Scores of aid nonprofits are suspending cooperation with the United Nations in Syria amid controversy over reported links between the U.N. aid program and President Bashar al-Assad, the Thomson Reuters Foundation writes. A coalition of 73 charities signed an open letter asserting that U.N. agencies and partners were under the "significant and substantial" influence of the Assad regime, which is fighting rebel groups and Islamic militants in a war that has killed more than 250,000 Syrians and displaced millions.
U.N. work in the country came under fire last week when The Guardian reported that lucrative aid contracts had gone to people and entities closely allied with Mr. Assad, including a charity set up by his wife and companies under U.S. and European Union sanctions. In their letter, the nonprofits said the Syrian government is stopping aid from reaching areas outside its control, and they called for a new monitoring body to oversee the humanitarian effort.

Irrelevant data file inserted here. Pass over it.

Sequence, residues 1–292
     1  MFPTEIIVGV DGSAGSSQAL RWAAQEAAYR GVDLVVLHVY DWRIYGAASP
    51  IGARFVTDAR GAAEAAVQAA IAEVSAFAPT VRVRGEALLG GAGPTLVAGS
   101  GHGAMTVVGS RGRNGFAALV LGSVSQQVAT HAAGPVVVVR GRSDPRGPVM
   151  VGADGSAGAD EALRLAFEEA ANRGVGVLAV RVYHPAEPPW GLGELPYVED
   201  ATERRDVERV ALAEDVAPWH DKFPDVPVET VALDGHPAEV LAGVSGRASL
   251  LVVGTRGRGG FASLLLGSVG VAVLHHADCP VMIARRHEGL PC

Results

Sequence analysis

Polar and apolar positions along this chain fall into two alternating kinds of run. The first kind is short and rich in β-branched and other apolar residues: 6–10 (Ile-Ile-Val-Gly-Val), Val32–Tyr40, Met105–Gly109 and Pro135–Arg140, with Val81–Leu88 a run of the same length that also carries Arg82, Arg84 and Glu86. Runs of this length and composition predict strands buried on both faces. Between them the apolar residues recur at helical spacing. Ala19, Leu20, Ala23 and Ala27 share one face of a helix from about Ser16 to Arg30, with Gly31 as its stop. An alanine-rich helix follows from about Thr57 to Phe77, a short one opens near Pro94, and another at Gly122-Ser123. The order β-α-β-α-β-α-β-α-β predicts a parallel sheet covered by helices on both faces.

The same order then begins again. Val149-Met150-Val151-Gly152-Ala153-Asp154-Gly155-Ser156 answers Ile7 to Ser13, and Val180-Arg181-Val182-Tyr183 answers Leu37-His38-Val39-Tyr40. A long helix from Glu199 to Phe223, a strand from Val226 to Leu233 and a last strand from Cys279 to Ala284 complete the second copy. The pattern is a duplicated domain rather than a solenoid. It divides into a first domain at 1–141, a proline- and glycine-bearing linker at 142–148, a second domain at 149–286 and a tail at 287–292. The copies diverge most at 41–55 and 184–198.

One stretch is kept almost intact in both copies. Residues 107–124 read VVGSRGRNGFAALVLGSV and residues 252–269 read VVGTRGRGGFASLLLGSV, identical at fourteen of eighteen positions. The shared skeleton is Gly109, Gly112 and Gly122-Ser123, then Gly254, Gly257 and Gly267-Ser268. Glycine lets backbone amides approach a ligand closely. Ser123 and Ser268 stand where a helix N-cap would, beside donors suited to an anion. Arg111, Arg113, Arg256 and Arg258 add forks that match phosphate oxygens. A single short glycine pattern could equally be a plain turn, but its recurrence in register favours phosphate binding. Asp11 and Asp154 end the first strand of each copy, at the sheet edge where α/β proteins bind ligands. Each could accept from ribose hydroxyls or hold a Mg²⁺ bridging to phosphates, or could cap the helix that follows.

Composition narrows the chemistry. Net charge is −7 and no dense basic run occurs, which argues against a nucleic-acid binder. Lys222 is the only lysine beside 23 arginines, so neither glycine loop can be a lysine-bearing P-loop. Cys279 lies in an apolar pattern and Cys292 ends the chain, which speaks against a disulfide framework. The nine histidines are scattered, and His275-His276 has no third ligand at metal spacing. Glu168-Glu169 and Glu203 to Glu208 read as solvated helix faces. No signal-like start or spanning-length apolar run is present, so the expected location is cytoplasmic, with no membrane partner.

A spokesman for U.N. Secretary-General Ban Ki-moon said in a statement that the Syrian government insists the international body work with a list of approved partners in delivering aid but that the U.N. is "going to continue to engage with them and all humanitarian partners in order to improve our collective efforts and reach as many people as we can in Syria."